Fresh air is blowing through the ranks of Green Shanghai (NYU Shanghai’s environmentalism club). Current president Daniel Cashdan ‘23 and past-president Neil Patkar ‘22 are blazing a new trail for the club. In an effort to tie student interests and passions to environmental conversations, Green Shanghai is launching a series of new initiatives and opportunities. If one is looking to take their interest in environmentalism to the real world, Niki Gajdosova ‘23 and Freya Varga ‘23 provide an Activism Toolkit. If you’re more business-oriented, or even just want to learn more about how business and environmentalism are intrinsically aligned, you should look into the Green Shanghai Business Council. If you’re a writer or a reader, Peyton Playle ‘23 has a spot for you at Green Shanghai Print.
NYU Shanghai has a wide array of students, studying to become experts in their respective fields. Although the cause for a greener future is weighing heavy on many minds, an initiative to integrate the ideas of sustainability into real-world business practices is the motivation behind the Green Business Council’s creation.
The Green Business Council wants to take this energy and wield in the pursuit of a greener world outside the scope of NYU Shanghai by instilling its members with the notion that “going green” will not hurt the bottom line of whatever career they pursue.
Here’s a small glimpse of what Cashdan stated, is to come: a seminar demonstrating how net operating costs are actually lowered by constructing green buildings or converting them given by a green real estate expert; a talk given by Sherie Tu (@thrivingonplants) on how to construct a green lifestyle brand and how to be a green entrepreneur; and, seminars on LEED Certification given by experts at the United States Green Building Council.
Cashdan affirmed that “it’s our duty to make our lives more sustainable and carry that practice wherever we go.” On a closing note, he wants to reiterate that the Green Business Council welcomes anyone and everyone who cares about our environment, and wants to carry that passion with them through their careers.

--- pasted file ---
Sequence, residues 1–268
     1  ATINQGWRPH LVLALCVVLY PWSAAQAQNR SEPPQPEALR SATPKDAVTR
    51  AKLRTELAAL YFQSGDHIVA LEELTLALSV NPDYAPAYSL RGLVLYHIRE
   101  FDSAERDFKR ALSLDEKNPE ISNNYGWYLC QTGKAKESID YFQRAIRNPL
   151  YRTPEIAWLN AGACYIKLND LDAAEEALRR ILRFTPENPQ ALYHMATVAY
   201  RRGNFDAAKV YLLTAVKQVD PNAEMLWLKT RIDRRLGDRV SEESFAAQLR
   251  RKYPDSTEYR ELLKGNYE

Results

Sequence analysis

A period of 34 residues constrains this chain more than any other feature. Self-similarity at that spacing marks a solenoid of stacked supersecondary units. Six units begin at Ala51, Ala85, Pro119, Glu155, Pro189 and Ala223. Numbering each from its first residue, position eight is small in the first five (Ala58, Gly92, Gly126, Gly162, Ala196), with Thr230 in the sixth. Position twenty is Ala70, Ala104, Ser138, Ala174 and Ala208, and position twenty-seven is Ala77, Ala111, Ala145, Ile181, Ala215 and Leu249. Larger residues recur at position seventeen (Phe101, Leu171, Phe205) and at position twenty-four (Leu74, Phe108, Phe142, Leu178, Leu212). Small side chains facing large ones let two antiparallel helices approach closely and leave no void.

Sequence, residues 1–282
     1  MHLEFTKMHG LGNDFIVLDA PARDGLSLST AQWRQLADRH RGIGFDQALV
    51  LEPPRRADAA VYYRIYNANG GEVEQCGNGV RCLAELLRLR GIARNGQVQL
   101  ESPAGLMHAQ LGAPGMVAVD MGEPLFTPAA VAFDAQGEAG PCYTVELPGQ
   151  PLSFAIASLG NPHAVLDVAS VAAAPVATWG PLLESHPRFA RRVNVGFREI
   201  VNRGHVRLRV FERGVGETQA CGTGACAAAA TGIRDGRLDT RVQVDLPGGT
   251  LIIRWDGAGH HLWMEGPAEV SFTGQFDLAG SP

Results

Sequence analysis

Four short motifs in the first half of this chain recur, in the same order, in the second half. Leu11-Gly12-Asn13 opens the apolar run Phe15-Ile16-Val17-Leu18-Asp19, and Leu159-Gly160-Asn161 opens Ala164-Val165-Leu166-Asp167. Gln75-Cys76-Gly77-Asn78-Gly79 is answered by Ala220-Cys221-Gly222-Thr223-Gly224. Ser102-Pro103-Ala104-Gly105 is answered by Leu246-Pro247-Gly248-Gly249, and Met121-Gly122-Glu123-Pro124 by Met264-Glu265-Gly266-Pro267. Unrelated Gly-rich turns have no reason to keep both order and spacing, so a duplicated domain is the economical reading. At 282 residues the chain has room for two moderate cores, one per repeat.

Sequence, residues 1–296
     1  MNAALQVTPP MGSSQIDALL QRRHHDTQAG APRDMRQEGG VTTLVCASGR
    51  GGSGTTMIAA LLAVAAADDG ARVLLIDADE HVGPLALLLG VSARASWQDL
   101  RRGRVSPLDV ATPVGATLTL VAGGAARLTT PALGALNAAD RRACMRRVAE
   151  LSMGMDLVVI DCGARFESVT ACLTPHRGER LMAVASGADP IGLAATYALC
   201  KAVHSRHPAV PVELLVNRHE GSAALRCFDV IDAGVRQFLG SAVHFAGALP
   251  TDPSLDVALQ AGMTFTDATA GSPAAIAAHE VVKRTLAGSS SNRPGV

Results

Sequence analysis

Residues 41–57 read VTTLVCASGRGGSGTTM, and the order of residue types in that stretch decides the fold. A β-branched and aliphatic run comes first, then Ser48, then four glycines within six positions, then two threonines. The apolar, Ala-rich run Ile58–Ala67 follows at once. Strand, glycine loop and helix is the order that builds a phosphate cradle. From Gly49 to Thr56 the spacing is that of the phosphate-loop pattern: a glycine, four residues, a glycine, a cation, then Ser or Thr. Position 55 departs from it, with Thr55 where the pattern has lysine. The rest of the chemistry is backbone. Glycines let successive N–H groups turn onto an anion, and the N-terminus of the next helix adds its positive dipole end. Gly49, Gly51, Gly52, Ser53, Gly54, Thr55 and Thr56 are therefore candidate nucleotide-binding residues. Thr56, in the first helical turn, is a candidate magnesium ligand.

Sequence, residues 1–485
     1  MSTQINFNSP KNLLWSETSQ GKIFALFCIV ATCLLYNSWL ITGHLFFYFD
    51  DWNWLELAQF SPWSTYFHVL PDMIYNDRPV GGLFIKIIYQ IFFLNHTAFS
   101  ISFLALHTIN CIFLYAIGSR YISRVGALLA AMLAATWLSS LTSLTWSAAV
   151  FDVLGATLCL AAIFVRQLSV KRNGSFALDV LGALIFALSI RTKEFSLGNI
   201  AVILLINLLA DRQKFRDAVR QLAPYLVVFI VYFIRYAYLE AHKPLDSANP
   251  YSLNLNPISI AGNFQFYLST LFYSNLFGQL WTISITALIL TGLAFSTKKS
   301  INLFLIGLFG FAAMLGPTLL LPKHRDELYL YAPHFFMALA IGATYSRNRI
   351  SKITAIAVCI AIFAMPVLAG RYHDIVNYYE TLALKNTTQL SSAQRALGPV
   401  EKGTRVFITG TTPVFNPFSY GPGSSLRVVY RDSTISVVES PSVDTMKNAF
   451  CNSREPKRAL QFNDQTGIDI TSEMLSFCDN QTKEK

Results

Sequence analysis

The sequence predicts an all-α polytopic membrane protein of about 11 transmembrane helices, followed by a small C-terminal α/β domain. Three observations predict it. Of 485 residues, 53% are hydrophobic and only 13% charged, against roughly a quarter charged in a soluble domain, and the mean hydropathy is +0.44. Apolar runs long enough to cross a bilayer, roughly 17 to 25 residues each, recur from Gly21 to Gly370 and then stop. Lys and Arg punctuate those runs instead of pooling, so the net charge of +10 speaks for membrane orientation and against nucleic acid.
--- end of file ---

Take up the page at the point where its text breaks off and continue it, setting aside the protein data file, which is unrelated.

Niki Gajdosova has been getting things ready for the fall semester, focusing on assembling an Activism Toolkit. She has this to say on what she’s been up to:
“It [Activism Toolkit] steps beyond education and provides tools to anyone both in and out of the club to make small simple changes in their lifestyle to get more motivated about green issues. This is both for large-scale activism and small-scale. The virtual aspect of the toolkit makes it universally accessible to anyone regardless of location.”
The Activism Toolkit team has been hard at work trying to take full advantage of what online clubs have to offer. The projects coming down the pipe focus on how one can take action directly by changing their lifestyle. The team will also be holding seminars on how to change your diet to become more sustainable, and how to adopt more sustainable fashion practices, specifically taking action against fast fashion.
Similarly, Peyton Playle and Yi Ming have been hard at work as Editor-in-chief and Director of Green Shanghai Print, preparing for a peculiar fall semester. Positions for staff writers as well as freelancers are available. The paper is meant for people who have a passion for writing as well as an interest in environmentalism. Peyton explained her motivation to run this print:
“My goal in this is to give people a voice. People can submit articles which they’re very passionate about as well as regular pieces by staff writers.”
What does this mean for NYU Shanghai?
A reorganized Green Shanghai allows for more opportunity. The club leaders are heavily motivated to make a change in the school and in the world. They want you to be a part of this change. They hope that this reorganization leads to a membership boost so that the voice of environmentalism can grow within our school and city. The club, although young, has already had a storied history of successes at NYU Shanghai. To name a few: a range of small projects pushing NYU Shanghai, with the support of faculty, to distance itself from single-use plastic, holding “plant-a-flower” initiatives, among a number of other examples of green activism.
This sort of green activism is extremely important to the cause of sustainability and has real-world implications in making a greener community. Green Shanghai’s new structure will undoubtedly add to this history. So whether you’re an environmentally conscious businessperson, activist, writer, or all three, Green Shanghai has a place for you to learn, express ideas and opinions, and take action towards making a difference in our world.
This article was written by William Howard, currently based in Washington, D.C. You can reach out to the authors at firstname.lastname@example.org.
Photo Credit: Trisha Ng